There’s no way around it: researching and manufacturing life-saving medicines and vaccines produces waste. At GSK, we are changing our manufacturing processes to cut in half the amount of operational waste we generate by 2020, and shifting our perceptions to see waste as a potential resource.
Around the world
Our global operations produced 137,000 tons of waste in 2016 – 4% less than the previous year and 23% below our 2010 baseline. The majority of this waste (73%) was recycled or incinerated to recover energy, with only 5% sent to landfill. Around 70% of our sites have now achieved zero waste to landfill by repurposing materials that would otherwise go to waste or by using waste-to-energy services.
In the US
In the US, as we deliver on GSK’s global commitments, we are also striving to eliminate the disposal of our operational waste to landfills and improve the amount that is disposed of beneficially.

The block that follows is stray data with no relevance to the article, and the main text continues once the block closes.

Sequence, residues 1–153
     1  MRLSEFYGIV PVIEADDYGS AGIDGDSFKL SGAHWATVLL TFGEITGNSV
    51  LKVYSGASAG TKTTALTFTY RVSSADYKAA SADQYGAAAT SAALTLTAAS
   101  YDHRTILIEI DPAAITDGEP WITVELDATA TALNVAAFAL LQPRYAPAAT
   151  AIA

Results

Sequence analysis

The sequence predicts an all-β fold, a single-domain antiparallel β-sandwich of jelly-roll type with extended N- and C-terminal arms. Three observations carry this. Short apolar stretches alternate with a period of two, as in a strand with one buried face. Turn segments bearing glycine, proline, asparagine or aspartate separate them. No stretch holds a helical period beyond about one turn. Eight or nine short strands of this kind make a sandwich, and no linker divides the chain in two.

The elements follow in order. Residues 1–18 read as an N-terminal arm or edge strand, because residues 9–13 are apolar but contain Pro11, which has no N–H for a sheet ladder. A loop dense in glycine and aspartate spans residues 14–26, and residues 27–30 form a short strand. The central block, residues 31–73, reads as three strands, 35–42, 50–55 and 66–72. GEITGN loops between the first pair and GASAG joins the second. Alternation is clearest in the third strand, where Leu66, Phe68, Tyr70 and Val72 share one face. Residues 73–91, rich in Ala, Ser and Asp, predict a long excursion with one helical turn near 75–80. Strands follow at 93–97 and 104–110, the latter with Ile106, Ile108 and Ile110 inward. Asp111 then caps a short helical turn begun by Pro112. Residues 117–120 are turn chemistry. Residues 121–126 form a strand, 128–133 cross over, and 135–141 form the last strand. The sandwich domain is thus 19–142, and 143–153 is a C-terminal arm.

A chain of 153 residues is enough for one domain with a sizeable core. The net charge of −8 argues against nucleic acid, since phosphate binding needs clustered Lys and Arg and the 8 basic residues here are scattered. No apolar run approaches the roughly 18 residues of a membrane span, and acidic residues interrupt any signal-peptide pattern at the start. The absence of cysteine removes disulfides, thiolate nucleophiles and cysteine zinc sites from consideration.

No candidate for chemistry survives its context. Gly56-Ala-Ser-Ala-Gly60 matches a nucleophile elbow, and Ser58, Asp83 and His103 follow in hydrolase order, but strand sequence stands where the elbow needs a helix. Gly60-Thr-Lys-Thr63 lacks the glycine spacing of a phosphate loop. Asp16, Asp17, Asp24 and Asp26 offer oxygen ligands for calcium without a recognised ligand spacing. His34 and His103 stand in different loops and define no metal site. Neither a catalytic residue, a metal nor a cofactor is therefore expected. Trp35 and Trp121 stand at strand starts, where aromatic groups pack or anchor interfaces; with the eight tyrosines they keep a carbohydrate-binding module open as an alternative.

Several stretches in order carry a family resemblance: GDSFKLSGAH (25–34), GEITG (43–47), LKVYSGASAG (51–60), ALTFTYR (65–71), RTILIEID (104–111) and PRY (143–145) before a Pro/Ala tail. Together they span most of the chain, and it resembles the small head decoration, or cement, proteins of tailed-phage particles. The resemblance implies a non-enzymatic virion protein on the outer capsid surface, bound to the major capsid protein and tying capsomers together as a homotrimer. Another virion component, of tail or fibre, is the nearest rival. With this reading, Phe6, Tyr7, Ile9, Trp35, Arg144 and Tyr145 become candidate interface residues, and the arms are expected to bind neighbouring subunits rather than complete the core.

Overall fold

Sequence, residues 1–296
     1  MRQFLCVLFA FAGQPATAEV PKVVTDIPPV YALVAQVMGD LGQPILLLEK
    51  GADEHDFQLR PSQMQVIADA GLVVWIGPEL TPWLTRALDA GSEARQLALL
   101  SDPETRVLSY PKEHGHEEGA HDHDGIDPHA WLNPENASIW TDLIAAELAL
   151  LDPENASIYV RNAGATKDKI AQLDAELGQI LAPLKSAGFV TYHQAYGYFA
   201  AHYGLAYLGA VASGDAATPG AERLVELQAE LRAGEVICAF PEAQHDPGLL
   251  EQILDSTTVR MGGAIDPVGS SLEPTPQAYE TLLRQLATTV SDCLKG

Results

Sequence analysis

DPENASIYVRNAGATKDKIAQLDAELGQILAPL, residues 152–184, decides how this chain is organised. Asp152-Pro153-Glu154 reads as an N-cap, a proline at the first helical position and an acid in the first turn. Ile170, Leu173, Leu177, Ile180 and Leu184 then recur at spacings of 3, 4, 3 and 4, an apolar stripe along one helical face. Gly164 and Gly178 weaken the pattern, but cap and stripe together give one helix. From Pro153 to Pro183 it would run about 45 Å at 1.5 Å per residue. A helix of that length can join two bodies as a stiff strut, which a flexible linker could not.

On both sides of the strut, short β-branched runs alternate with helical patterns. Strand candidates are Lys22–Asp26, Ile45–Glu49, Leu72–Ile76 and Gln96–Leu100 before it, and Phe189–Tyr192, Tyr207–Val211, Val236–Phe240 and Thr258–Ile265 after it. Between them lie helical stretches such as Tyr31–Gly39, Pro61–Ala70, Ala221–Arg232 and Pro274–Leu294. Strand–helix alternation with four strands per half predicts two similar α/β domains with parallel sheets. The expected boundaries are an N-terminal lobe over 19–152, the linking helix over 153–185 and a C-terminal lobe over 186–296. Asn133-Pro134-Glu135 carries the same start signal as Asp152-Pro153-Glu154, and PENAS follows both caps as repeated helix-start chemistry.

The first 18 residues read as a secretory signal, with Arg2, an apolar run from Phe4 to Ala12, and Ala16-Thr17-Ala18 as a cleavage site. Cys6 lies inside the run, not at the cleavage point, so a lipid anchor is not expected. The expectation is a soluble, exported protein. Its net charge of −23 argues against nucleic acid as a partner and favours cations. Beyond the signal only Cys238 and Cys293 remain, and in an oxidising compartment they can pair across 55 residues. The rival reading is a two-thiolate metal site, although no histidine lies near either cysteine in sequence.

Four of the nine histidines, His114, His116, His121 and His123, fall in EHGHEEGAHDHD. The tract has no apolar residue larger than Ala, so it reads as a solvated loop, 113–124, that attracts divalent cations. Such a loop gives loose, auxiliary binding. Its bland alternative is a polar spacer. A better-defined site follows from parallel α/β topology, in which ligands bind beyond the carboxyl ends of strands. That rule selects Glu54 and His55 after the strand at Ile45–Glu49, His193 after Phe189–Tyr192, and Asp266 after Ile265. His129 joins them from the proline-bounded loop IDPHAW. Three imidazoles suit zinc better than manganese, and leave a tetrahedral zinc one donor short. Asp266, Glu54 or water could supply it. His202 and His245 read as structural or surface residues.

An example of a beneficial disposal is at our North American R&D hub in Upper Providence, PA (PDF) (UP). UP labs are outfitted with the latest technology for cutting-edge scientific research and discovery (we call them “SMART Labs (PDF)”) but these labs create more concentrated amounts of regulated medical lab waste.
Asali, who leads lab services and waste management in the US, helps us think differently about waste and see it as a potential resource. Together with a team, Asali is putting “UP” in UPcycling. Instead of being incinerated, the lab waste stream is now being treated and turned into park benches and bricks.
“At GSK, we think differently about waste and see it as a potential resource. Our medical lab waste at our Upper Providence R&D site is upcycled into park benches and bricks. And our scientists not only help people do more, feel better, and live longer—they also provide a place to relax!”
This article is part of a series on our responsible business in the US.